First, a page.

But quite often, the links between the cosmic and Earth-based heroes have been only tenuous. Captain Marvel or the Silver Surfer or Warlock show up and fight and eventually team up with the FF or the Avengers to face a menace like the Kree-Skrull War, but by the end of the story, things are back to a Marvel status quo and the Avengers are dealing with Earth-based villains like Doctor Doom.

“Guardians” plunges us headlong into that cosmic Marvel universe with only occasional looks back at Earth.

I won’t recap the plot I’m sure you’re familiar with by now or even go on and on with my thoughts about “Guardians.” Director James Gunn had made a fun, “Star Wars”-ian adventure pitting an unlikely band of heroes against evil forces. Along the way, the movie introduces, more smoothly than most would have thought possible, fantastic creatures like Rocket Racoon, a small but ferocious animal with a pitiable past and a love of big guns, and Groot, a walking, talking (well, a little) tree creature. Space raccoon and gentle plant-based giant you say? Sure, why not. It’s a testament to Gunn’s handling of the characters and plot of “Guardians” that what the characters are matter less than who they are.

If you remember, Thanos, Marvel’s go-to cosmic bad guy, showed up at the end of “The Avengers” to take credit for pitting an invading alien army against Earth and grin at the thought of courting death.

Thanos wants the Tesseract – the Cosmic Cube in the comics – that the Red Skull wielded in “Captain America” and Loki sought in “The Avengers.” Along with the Aether, the cosmic power from “Thor: The Dark World,” and other Infinity Stones, Thanos can make the Infinity Gauntlet, a weapon of unimaginable power. It’s a certainty that will be the major plot point of the third “Avengers” movie.

One of the most amusing things about “Guardians” is that much of the history and power of the Infinity Stones is laid out midway through the movie … but to the protagonists and antagonists of “Guardians,” who don’t even know as much as Captain America and Iron Man about the importance of the Stones but know a thing to keep away from bad guys when they see one.

So the collected Guardians, led by the effortlessly charming Chris Pratt as Peter Quill, take on Ronan, an upstart ally of Thanos, in an effort to keep a handle on their particular Infinity Stone and keep it away from Thanos.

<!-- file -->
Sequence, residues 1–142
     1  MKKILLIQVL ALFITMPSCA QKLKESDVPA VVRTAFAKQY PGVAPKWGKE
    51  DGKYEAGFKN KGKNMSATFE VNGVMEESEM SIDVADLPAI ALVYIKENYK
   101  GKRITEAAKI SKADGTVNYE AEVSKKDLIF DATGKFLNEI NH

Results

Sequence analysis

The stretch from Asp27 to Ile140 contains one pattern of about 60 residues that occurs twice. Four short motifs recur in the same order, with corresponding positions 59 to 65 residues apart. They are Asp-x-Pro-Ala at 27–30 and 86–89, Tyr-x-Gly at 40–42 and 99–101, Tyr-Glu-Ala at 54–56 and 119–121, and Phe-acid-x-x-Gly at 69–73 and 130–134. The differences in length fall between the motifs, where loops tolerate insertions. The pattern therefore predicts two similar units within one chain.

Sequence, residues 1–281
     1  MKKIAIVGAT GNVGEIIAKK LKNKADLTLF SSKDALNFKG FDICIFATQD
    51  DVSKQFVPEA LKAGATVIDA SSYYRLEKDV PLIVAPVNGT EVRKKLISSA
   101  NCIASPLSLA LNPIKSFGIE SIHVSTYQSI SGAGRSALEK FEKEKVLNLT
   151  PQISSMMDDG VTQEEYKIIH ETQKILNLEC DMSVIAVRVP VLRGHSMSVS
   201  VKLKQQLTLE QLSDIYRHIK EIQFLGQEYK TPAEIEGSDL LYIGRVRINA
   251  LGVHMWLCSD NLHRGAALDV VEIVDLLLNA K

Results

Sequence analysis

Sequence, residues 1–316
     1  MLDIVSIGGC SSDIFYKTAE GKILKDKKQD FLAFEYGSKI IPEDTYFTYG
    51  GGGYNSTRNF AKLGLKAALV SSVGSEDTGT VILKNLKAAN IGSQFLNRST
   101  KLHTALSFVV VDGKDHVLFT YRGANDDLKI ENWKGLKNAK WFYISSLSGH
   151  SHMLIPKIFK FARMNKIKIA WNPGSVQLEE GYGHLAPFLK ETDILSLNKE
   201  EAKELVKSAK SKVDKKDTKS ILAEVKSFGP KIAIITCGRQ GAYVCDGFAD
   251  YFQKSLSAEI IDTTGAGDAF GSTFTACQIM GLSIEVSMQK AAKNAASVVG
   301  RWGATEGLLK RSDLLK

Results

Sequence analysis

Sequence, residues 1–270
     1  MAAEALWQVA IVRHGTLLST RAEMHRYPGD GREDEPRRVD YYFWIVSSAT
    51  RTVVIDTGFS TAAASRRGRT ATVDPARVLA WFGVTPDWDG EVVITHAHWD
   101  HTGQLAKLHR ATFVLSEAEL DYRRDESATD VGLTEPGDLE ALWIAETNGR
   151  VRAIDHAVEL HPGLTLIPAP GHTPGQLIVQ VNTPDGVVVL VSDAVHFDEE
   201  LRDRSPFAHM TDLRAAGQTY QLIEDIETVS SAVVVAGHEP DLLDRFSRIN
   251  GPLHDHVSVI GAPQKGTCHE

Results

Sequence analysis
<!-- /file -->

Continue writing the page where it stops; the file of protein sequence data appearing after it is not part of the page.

It’s an effort that will continue for another four years before the contest for the Stones pits Avengers – and likely other allies – against Thanos in the third Avengers movie, which will likely act as capper to the first three phases of big-screen Marvel.

“Guardians” is so much fun, so funny, so charming, that it carries all the responsibility of furthering the over-arching plot of big-screen Marvel as if it were a feather. Despite its many accomplishments, that might be the movie’s handiest achievement.

By the way, I wanted to mention Marvel’s other comic-book universes, besides street-level, global and cosmic playgrounds, because the big-screen Marvel universe will no doubt incorporate them as well.

(I won’t get into a couple of lesser-known Marvel comic book universes here because, frankly, I don’t think we’ll see big-screen versions of Marvel’s romance and western comic worlds anytime soon.)

We’re all but certain to see Marvel’s mystical and horror universes come into play in movies before long, perhaps in a combined venture.

The studio has already named a director for its “Dr. Strange” movie, about a physician who became a master of the mystic arts and fought supernatural creatures. It’ll be interesting to see who the studio picks to play the part because Strange could be as much of an anchor for ongoing Marvel movies as Robert Downey Jr. has been as Tony Stark.

A “Strange” movie would not only introduce the mystical and supernatural Marvel universes to the big screen but could encompass the company’s long history of horror characters, some of whom regularly cross paths with heroes like Spider-Man (I’m looking at you, Moebius the Living Vampire) but operate in a realm that ranges from the dark corners of the Earth to other dimensions. It’s a world of magic – already explained in the “Thor” movies as simply science that humans can’t understand – and wild creatures.

If the idea seems strange to you, consider how strange a space raccoon and a talking tree might have seemed before this record-breaking opening weekend for “Guardians of the Galaxy.”